Tuesday, February 26, 2013

SEOS Project: Crossover Design

Once the cabinets were completed, I set to designing the crossover, which I soon discovered was going to be a much more challenging task than I initially thought. My naive assumption that the physical crossover would perfectly match the modeled crossover was soon crushed, and I began the sometimes tedious, but mostly fun and interesting, process of designing and testing different crossover networks.

I quickly learned that the room I had available to me was going to present some problems since it is quite small, and not very well suited to the type of measurements I would be doing. With some help, I managed to get my measurements and clean them up in a way that gives me a reasonable idea of what's going on in the crossover region. Doing this required gating of the impulse response of the measurements, effectively removing the effects of signals delayed in time (mostly reflections that don't represent the direct signal from the speaker) at the cost of greatly reducing the frequency resolution of the data, and rendering the low frequency data (everything below about 250 Hz) useless, and unrepresentative of what's actually going on.

I started off with the design mentioned in the last post about the crossover that didn't take into account the acoustic offset derived from my previous measurements:

Omitting a small network on the tweeter's high pass filter, I was left with a fairly simple six component network that I was able to quickly prototype and implement in the finished cabinet. Below is the actual measured crossover from the above design:

As you can see, the actual crossover point is good deal lower than the modeled version, resulting in a more significant dip in the frequency response around the crossover point. On axis, this design doesn't actually look that terrible, despite the shifted crossover frequency, but with such a low crossover, the directivity of the woofer does not match that of the waveguide, resulting in poor off axis performance.

With my less than scientific documentation, I'm not entirely sure which crossover design the following screen captures represent, but I'm fairly certain they are a design very similar to the one shown above, but with the low pass filter altered to raise its cutoff frequency. It is the same kind of design, with a second order high pass on the tweeter, and a second order lowpass on the woofer, and it had similar behavior to the one pictured above, so I'll be using its measurements to show the off axis performance of the crossover.

The traces in the above picture, show the speaker at about 10 degree increments. Notice the large dips that appear at about 750 Hz and 1200 Hz as the microphone position moves further off axis. The null at 750 Hz has been present in other designs, and is possibly a result of reflections in the (less than ideal) room where I'm measuring, but the problem at 1200 Hz seems to be due to poor directivity and phase matching in the crossover region, which is possibly a result of the acoustic offset that I ignored for this particular design.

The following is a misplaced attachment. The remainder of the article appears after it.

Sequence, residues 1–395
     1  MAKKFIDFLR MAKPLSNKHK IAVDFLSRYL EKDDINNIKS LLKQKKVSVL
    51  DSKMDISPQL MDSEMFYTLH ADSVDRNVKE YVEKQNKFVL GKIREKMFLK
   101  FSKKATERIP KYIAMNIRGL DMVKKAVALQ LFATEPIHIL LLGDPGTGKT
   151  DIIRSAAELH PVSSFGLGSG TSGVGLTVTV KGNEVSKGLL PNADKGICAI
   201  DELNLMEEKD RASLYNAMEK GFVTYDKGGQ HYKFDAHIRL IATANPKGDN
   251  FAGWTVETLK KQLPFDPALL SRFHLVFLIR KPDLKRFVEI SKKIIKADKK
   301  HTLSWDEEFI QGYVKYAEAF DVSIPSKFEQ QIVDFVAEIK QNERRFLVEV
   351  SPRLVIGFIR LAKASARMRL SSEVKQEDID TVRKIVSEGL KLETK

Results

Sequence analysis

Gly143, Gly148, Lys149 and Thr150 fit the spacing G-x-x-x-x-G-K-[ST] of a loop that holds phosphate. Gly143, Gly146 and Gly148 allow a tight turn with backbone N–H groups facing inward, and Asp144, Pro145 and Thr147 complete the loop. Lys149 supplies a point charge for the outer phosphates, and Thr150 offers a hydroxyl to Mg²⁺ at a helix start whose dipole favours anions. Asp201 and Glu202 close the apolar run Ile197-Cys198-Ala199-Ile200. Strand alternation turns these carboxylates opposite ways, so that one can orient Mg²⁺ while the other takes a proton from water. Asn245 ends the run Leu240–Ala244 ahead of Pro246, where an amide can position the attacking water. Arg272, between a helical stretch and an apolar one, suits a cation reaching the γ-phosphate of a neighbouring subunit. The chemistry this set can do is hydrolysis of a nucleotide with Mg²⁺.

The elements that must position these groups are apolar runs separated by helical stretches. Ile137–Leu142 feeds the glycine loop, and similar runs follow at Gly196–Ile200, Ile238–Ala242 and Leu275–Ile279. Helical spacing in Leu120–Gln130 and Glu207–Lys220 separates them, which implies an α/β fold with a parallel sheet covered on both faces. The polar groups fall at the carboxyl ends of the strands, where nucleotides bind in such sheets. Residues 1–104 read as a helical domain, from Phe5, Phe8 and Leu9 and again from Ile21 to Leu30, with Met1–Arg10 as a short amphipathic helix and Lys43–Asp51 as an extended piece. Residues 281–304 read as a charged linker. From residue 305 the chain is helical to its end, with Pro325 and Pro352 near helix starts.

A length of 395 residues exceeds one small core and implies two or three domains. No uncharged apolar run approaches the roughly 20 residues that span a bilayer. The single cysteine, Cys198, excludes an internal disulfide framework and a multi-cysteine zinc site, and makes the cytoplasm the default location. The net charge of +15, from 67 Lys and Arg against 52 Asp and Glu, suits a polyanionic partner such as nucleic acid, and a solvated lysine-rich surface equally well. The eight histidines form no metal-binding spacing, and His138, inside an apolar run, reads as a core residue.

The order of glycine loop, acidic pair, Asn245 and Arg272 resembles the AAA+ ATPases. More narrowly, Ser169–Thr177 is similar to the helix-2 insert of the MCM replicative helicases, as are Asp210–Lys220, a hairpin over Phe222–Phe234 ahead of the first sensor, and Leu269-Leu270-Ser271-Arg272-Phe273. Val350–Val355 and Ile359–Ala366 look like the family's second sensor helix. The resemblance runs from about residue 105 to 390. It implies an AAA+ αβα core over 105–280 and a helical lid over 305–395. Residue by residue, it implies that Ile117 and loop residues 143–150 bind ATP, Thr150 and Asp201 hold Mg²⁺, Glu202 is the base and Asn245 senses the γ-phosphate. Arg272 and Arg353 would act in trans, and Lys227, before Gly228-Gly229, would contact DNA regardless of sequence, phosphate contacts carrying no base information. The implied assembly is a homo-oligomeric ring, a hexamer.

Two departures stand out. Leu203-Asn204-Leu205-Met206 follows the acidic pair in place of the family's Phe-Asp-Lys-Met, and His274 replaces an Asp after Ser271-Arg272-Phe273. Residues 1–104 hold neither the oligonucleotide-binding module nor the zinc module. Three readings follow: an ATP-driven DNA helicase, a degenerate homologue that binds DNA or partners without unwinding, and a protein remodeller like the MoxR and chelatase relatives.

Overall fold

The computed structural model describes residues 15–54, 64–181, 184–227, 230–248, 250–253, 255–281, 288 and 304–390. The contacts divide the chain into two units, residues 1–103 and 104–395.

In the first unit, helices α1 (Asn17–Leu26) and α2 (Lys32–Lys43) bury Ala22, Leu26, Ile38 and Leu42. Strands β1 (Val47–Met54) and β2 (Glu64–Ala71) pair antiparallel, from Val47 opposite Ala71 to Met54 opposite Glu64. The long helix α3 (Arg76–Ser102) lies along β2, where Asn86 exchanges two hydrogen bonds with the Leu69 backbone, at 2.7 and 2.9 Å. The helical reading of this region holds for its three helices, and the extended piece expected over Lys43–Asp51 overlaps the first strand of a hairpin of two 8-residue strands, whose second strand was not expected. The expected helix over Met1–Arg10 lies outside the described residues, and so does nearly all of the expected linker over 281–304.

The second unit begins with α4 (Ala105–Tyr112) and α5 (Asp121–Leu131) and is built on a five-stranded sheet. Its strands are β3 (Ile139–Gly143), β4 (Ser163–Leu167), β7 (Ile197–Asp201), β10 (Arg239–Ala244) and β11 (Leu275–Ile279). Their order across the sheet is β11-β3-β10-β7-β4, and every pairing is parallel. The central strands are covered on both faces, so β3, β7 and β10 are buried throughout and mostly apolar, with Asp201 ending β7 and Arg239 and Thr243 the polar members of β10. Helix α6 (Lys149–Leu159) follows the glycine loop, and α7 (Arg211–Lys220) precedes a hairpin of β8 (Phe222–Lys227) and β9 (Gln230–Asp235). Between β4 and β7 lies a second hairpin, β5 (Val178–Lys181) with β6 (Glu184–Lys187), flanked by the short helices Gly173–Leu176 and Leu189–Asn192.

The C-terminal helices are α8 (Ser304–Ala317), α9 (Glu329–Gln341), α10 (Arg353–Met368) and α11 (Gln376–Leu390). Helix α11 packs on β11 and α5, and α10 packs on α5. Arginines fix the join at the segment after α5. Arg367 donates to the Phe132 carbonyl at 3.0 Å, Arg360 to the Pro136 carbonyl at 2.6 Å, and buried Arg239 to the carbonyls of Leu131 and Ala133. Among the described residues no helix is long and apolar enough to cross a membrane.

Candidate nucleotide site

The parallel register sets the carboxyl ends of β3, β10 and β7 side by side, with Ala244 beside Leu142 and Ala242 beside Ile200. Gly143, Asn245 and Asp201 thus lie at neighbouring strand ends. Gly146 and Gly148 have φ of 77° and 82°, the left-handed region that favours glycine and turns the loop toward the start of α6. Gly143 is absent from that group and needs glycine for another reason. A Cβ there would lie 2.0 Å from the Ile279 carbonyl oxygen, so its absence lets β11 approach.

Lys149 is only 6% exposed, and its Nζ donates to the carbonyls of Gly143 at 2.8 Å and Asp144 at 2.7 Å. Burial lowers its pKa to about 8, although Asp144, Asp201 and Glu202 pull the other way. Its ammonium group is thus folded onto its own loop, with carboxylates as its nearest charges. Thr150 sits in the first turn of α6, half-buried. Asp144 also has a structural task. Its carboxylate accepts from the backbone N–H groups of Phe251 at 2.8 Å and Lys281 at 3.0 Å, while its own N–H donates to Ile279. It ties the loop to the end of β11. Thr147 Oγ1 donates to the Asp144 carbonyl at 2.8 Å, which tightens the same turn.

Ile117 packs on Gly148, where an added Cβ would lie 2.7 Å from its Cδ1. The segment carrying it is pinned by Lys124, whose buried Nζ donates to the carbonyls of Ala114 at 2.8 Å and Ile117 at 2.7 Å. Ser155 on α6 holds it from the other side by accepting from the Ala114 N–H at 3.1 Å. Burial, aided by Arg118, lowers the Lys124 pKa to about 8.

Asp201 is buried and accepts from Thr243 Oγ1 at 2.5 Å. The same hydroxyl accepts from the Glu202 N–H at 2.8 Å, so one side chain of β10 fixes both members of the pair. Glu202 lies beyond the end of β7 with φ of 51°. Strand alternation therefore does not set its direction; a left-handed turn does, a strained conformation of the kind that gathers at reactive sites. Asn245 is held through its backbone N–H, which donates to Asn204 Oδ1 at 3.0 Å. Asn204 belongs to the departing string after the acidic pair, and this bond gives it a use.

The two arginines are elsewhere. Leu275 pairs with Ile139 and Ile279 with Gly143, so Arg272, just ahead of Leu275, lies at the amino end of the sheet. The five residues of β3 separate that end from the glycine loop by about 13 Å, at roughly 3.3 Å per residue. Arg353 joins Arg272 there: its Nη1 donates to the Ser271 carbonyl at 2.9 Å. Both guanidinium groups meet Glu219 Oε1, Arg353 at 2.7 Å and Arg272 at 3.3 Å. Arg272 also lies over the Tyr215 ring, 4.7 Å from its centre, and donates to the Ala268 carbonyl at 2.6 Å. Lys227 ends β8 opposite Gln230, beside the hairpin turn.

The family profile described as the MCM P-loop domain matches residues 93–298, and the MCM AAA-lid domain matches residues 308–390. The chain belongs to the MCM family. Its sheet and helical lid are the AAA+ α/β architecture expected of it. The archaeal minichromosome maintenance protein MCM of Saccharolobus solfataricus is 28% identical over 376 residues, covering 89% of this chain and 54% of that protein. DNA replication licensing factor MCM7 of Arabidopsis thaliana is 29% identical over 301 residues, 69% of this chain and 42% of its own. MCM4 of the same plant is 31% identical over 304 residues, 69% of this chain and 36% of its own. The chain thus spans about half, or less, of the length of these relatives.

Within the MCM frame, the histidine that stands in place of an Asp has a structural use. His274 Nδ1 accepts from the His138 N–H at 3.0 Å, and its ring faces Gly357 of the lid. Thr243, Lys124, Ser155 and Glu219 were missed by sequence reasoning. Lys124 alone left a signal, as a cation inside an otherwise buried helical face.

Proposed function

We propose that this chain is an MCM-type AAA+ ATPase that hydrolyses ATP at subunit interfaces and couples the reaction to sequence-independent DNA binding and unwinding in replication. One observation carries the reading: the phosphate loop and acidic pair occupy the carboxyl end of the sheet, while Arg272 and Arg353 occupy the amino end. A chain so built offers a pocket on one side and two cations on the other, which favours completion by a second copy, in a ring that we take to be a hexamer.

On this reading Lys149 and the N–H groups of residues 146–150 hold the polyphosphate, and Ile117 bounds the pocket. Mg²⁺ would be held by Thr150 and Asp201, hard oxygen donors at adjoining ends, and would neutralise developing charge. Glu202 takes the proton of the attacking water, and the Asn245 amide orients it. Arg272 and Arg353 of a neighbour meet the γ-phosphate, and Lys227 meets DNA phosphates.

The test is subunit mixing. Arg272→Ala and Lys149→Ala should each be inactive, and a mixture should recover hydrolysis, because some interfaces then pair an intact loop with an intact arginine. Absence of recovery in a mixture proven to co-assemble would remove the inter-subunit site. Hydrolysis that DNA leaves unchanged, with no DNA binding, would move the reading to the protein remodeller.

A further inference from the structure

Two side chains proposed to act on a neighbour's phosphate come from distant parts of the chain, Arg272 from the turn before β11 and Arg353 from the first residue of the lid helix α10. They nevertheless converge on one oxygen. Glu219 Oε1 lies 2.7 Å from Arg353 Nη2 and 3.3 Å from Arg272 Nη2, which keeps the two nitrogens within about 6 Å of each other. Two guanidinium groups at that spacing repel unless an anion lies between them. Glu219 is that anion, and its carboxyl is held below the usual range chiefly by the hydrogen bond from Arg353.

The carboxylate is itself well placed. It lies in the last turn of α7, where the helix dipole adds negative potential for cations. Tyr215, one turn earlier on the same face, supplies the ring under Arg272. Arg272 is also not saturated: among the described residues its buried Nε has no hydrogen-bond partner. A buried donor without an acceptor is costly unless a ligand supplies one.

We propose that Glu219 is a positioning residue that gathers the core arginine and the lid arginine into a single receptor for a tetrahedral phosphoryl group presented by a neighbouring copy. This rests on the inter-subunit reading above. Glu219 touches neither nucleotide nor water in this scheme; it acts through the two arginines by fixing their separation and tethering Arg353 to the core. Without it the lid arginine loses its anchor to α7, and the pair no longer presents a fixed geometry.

Even worse is the off axis performance in the vertical direction. When the microphone was placed between the tweeter and woofer, a huge null appeared, and was only slightly less at the woofer level.

The main point that these measurements seemed to suggest was that the acoustic offset of the two drivers is actually an issue, and not just an anomaly of the measurement setup I used to test the raw drivers. From this realization, I designed a very different crossover that took the offset into account, and ended up with better results.

This design uses a very simple first order high pass on the tweeter, and a third order low pass on the woofer, and manages to keep the crossover region flat in spite of the troubles caused by the acoustic offset of the drivers.

Shown above is the new design measured from varying heights. The response does get a little rocky around the crossover region, but it looks nothing like the deep null from the other design. 

Next is the horizontal off axis response of this design. As you can see, the null at 750 Hz is back with a vengeance, but the next plot shows the off axis performance from a different area of the room, which all but removes the problem, leading me to believe it was just a result of the reflections in the room.

Overall I'm happy with the measured performance, and sound of this design, so it will likely be the final choice. However, I would still like to test in a large space (outside preferably) before ordering any parts. Also I need to implement a simple LCR circuit in the tweeter's high pass to knock down the small bump at about 4 kHz and see how that effects everything.

Until I can do those things, my next step is to build Bwaslo's proven crossover and test that so I have something to compare to. This, above anything else, will help show if the acoustic offset is truly a problem, since it was designed without my particular offset in mind and should be flat if the offset doesn't exist. Additionally if it sounds good and measures well, I'll have an option if I decide to give up on this particular design and go with something already completed.

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